A drone operator who flew in restricted air space and got within 120 metres of a helicopter preparing to fight a forest fire has today escaped a conviction.

Simon Roy Reeve, 38, had denied operating a Phantom 2 remotely piloted aircraft system (RPAS) in a controlled airspace last year at Pines Beach, near Kaiapoi during a forest fire.

The Kaiapoi man, who was the first person to be charged under new Civil Aviation Authority rules, also denied a charge of operating the aircraft on January 5 last year in a manner that "caused unnecessary endangerment to people".

In a ruling released in May, after a three-day judge-alone trial at Christchurch District Court, Reeve was found guilty on all charges.


But today Judge Gary MacAskill granted him a discharge without conviction after Reeve made a $500 donation to a child cancer charity.

Defence counsel Rupert Glover today said the case had caused a lot of interest, including a query from a Scottish legal academic.

Glover said he'd had a number of requests for the judge's sentencing notes and asked that they would be transcribed.

Judge MacAskill granted the application for a discharge without conviction and ordered his sentencing notes to be typed up and made available.

Outside court, Glover doubted that the discharge without conviction would set much of a legal precedent in New Zealand.

"The judge has made it very clear that he did not consider it a test case so the precedent value it will have is hard to say," he told the Herald.

"The discharge without conviction is obviously significant but it is facts specific so I don't know if it would really be a very good test case."

Reeve was also found guilty of illegally flying his drone in controlled air space at a January 20, 2015 fire, again at Pines Beach.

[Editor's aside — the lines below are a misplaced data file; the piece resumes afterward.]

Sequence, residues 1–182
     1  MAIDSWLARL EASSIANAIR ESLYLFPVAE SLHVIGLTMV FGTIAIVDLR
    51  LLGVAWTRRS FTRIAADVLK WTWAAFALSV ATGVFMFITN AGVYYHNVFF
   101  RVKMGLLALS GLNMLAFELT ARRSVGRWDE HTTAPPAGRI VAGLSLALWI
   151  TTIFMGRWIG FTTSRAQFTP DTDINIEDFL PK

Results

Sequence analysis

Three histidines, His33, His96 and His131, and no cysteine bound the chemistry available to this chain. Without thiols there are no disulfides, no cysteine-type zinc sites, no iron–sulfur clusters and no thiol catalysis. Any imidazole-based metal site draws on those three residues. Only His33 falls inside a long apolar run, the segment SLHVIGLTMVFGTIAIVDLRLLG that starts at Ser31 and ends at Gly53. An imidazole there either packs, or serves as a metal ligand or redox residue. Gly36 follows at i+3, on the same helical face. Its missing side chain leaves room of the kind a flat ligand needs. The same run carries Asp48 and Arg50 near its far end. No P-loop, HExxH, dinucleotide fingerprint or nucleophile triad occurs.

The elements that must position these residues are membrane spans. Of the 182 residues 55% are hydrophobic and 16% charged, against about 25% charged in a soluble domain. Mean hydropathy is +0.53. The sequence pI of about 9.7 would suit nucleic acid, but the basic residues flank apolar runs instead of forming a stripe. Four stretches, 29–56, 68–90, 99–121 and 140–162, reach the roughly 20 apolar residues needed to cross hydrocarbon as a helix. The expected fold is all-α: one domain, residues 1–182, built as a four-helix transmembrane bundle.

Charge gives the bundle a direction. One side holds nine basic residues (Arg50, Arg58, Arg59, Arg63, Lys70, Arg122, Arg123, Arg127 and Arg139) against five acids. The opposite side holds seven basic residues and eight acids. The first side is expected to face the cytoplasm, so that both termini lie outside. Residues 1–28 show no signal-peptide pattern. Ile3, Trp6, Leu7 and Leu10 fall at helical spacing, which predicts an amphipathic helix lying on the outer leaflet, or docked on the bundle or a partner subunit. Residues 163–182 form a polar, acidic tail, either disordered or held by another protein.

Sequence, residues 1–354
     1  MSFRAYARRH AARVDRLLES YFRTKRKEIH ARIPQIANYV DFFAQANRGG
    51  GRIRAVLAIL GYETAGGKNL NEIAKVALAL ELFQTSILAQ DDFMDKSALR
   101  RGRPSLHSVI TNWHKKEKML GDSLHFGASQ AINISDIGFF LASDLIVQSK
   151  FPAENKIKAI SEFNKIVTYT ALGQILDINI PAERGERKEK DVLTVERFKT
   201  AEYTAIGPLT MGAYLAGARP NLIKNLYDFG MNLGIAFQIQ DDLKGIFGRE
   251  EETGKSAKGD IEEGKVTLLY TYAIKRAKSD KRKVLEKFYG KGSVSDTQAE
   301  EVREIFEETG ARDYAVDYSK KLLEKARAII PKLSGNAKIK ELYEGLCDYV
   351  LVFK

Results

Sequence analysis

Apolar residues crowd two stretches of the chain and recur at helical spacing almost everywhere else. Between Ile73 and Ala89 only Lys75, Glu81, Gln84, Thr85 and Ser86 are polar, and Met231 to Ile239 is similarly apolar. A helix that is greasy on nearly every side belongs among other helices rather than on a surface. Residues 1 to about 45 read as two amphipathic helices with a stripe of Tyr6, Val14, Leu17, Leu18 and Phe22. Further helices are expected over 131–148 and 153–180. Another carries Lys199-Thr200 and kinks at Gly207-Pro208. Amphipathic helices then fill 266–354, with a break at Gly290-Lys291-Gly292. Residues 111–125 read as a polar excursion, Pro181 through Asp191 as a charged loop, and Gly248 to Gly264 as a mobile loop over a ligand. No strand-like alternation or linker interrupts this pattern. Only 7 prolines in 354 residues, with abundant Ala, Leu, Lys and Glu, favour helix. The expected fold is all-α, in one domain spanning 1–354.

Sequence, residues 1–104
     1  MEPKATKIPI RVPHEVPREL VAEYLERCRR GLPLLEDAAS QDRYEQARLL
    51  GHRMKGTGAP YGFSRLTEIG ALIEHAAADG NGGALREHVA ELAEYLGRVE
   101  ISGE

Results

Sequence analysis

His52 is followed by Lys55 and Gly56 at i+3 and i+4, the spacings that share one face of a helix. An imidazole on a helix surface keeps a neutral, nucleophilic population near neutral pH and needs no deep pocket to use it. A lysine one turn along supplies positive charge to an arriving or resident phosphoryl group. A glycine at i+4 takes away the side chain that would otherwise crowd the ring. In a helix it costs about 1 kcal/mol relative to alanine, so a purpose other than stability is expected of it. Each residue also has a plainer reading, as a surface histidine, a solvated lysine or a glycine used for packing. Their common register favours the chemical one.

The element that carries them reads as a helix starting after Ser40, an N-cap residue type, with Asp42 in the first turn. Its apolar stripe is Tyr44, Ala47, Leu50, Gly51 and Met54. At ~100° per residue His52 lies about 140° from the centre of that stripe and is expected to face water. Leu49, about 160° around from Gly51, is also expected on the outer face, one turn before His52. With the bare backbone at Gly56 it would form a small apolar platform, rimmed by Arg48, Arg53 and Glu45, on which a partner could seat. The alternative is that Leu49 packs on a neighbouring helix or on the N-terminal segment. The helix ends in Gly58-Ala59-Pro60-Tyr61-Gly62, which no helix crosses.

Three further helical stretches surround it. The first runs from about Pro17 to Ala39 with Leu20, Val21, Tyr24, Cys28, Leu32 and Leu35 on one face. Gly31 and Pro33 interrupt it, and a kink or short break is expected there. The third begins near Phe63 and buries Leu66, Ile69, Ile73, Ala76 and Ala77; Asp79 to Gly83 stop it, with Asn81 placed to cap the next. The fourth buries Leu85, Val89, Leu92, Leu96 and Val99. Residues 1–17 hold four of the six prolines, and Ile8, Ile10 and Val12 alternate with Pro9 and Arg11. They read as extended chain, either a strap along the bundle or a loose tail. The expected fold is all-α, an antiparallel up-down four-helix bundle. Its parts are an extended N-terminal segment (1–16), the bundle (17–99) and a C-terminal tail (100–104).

The trial heard that a helicopter had been flying in the area at the time and, soon after Reeve stopped flying, started fighting the fire with a monsoon bucket.

Reeve said he would have given way to the chopper if he had seen it and, if necessary, brought his drone down in a tree, the court heard.

He claimed that he had been flying below the treetops.

But a policeman at the scene, who gave evidence which was accepted, estimated the drone was about 1.5 times the height of the trees in altitude.

And a video taken by the drone showed that it was "significantly above" the treetops.

Helicopter pilot David Askin didn't know about the drone until he saw drone footage on the news that night, which angered him.

Judge MacAskill found that Reeve did cause danger to Askin and his helicopter, getting as close as 120m.

"It was possible that the RPAS and the helicopter would collide. That possibility was not so speculative or unreal as not to amount to a danger," he said.

The trial heard that TVNZ reporter Joy Reid spoke to Reeve while out reporting on the fire and had asked to use his footage, which he agreed to for a fee of $200.

She says at no point did they speak about Reeve having authorisation to fly the drone in the area.

The judge said Reeve had no reason for creating the danger beyond videoing the fire and the helicopter for his own interest, and perhaps, possible sale to news media.

The New Zealand Air Line Pilots' Association (NZALPA) earlier welcomed the guilty verdicts.

NZALPA Senior Technical Officer Dave Reynolds said it was essential that government and stakeholders work together to integrate RPAS or drones safely into New Zealand airspace.

"Operators of these devices, no matter how small, need to fully understand the rules and their responsibilities," he said.

"Education is vital, as is operator responsibility, and this is why we are advocating for mandatory registration of all RPAS above 0.22kg (0.5lb) in weight, as is currently required in the USA.

"It is also NZALPA's view that large RPAS above 25kg (55lb) should be operated in accordance with the same or equivalent requirements applicable to other aircraft sharing the same airspace, including operator competency and medical standards."